Martin Luther King: says in "Why I Am Opposed to the War in Vietnam": "Now, I've chosen to preach about the war in Vietnam because I agree with Dante, that the hottest places in hell are reserved for those who in a period of moral crisis maintain their neutrality. There comes a time when silence becomes betrayal." As a majoritarian intellectual, by being silent about things that mattered, Kalam's silence became a form of betrayal. If Kalam made no enemies in his life time it is because he never befriended any serious social or political cause either. Someone like Gandhi is spoken of with contempt by both the Dalits and the Muslims -- both of whom Gandhi dedicated the best part of his life to. Gandhi felt that the rightness of the cause was more important than either making friends or enemies. As a believer in God, Gandhi was perhaps more Hindu than any Hindu of his generation. Yet he was murdered in cold blood by a Hindu fanatic who did not espouse the non-violent version of Gandhi's Hinduism. That's what not being neutral in times of moral crises is all about! You end up making enemies of the very people whose interests you dedicate your life fighting for.

George Orwell in his "Reflections on Gandhi" makes the following observation: "Close friendships, Gandhi says, are dangerous, because "friends react on one another" and through loyalty to a friend one can be led into wrong-doing. This is unquestionably true." He ends the essay saying that, while "Gandhi's basic aims were anti-human and reactionary: but regarded simply as a politician, and compared with the other leading political figures of our time, how clean a smell he has managed to leave behind!" "Sin does not mean doing wrong"not to do good -- that's what sin means" is how Pasolini concludes his poem "To a Pope" which is a scathing attack on Pius the XII. Seen simply as a politician, I don't think Abdul Kalam managed to leave behind such a clean smell. Like most people from the educated classes he did not do wrong because he had the restraint that came from upbringing and perhaps the fear of doing wrong. But I am not sure if he did any good either because no one felt transformed by his worldview or his way of life. In other words, he never deviated from the mainstream.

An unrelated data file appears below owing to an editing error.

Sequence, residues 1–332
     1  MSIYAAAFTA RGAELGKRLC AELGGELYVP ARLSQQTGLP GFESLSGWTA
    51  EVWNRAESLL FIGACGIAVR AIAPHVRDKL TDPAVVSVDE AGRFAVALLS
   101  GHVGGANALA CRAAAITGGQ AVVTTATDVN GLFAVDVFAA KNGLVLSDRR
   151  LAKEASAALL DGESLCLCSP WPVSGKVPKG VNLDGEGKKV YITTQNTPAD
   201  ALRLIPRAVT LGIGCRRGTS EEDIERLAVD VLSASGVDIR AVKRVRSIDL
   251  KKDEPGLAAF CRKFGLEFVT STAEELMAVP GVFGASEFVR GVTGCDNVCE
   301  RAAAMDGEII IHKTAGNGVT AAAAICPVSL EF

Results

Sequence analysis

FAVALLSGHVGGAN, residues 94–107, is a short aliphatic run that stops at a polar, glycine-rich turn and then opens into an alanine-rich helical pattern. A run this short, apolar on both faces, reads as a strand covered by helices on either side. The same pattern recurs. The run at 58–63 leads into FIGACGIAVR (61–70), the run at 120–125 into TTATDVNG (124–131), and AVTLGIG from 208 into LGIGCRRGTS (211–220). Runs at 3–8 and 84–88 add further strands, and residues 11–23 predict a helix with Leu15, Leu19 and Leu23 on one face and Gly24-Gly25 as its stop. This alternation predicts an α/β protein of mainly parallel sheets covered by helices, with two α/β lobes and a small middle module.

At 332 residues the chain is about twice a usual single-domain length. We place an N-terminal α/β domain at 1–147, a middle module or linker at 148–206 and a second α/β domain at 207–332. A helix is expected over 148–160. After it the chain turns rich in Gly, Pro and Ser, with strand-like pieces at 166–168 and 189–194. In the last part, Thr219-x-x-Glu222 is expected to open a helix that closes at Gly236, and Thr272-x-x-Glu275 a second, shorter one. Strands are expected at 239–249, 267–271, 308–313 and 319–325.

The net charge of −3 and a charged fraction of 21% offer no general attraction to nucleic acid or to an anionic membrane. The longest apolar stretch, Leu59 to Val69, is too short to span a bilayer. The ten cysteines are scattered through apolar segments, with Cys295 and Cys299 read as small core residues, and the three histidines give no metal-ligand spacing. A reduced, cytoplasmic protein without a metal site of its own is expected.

Bertrand Russell points out in his essay, "The harm that good men do" that Bentham viewed "as the basis of morals, 'the greatest happiness of the greatest number'." Russell further adds: "A man who acts upon this principle will have a much more arduous life than a man who merely obeys conventional precepts. He will necessarily make himself the champion of the oppressed, and so incur the enmity of the great. He will proclaim facts which the powers that be wish to conceal; he will deny falsehoods designed to alienate sympathy from those who need it. Such a mode of life does not lead to a collapse of genuine morality." None of this ever happened with Abdul Kalam. In fact he was a champion of middle class morality, never incurred the enmity of the "great," and only proclaimed facts that the powers that be loved to hear. Frankly, there was little point in changing the name of Aurangazeb Road to Abdul Kalam Road. Aurangazeb was an emperor whose actions mattered. How can we make these crass cross-historical comparisons unless you actually share in the communal philosophy of the ruling Indian government!

The only thing I personally would like to remember Abdul Kalam for is that he did not allow his relatives to misuse his position as India's President to indulge in corrupt practices or steal from the nation's resources. Relatives of people in political and administrative positions are usually not very different from the people themselves: wholesale thugs. Being a single man probably it was possible for him to keep the family at arm's length. Living in India and with firsthand experience of the tyranny of families I don't think that this is a small achievement though not big enough for someone to be called a great human being.

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Prakash Kona is a writer, teacher and researcher who lives in Hyderabad, India. He is currently Professor at the Department of English Literature, The English and Foreign Languages University (EFLU), Hyderabad.